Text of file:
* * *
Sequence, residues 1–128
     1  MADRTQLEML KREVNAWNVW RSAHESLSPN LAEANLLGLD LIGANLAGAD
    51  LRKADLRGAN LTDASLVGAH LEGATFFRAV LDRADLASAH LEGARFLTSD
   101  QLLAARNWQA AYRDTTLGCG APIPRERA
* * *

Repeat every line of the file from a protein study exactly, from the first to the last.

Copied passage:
Sequence, residues 1–128
     1  MADRTQLEML KREVNAWNVW RSAHESLSPN LAEANLLGLD LIGANLAGAD
    51  LRKADLRGAN LTDASLVGAH LEGATFFRAV LDRADLASAH LEGARFLTSD
   101  QLLAARNWQA AYRDTTLGCG APIPRERA